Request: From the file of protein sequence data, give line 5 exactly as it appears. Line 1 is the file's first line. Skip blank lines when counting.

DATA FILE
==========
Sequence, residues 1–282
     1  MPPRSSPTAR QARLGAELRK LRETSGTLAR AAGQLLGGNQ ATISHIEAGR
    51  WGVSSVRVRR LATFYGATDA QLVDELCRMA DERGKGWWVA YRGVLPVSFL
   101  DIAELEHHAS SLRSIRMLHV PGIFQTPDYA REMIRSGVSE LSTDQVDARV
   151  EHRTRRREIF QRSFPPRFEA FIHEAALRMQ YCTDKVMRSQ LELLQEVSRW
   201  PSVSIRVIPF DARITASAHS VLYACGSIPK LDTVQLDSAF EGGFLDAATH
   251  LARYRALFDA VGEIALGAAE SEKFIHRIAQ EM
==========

   151  EHRTRRREIF QRSFPPRFEA FIHEAALRMQ YCTDKVMRSQ LELLQEVSRW